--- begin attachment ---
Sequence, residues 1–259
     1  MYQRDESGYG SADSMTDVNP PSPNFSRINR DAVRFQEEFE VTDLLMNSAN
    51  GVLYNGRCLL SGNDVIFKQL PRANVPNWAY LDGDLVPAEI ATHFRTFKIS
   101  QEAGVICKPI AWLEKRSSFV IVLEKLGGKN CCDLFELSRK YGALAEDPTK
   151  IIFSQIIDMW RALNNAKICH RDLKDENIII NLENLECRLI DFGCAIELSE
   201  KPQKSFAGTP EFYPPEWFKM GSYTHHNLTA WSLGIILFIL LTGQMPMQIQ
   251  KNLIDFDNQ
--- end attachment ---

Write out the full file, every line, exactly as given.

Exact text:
Sequence, residues 1–259
     1  MYQRDESGYG SADSMTDVNP PSPNFSRINR DAVRFQEEFE VTDLLMNSAN
    51  GVLYNGRCLL SGNDVIFKQL PRANVPNWAY LDGDLVPAEI ATHFRTFKIS
   101  QEAGVICKPI AWLEKRSSFV IVLEKLGGKN CCDLFELSRK YGALAEDPTK
   151  IIFSQIIDMW RALNNAKICH RDLKDENIII NLENLECRLI DFGCAIELSE
   201  KPQKSFAGTP EFYPPEWFKM GSYTHHNLTA WSLGIILFIL LTGQMPMQIQ
   251  KNLIDFDNQ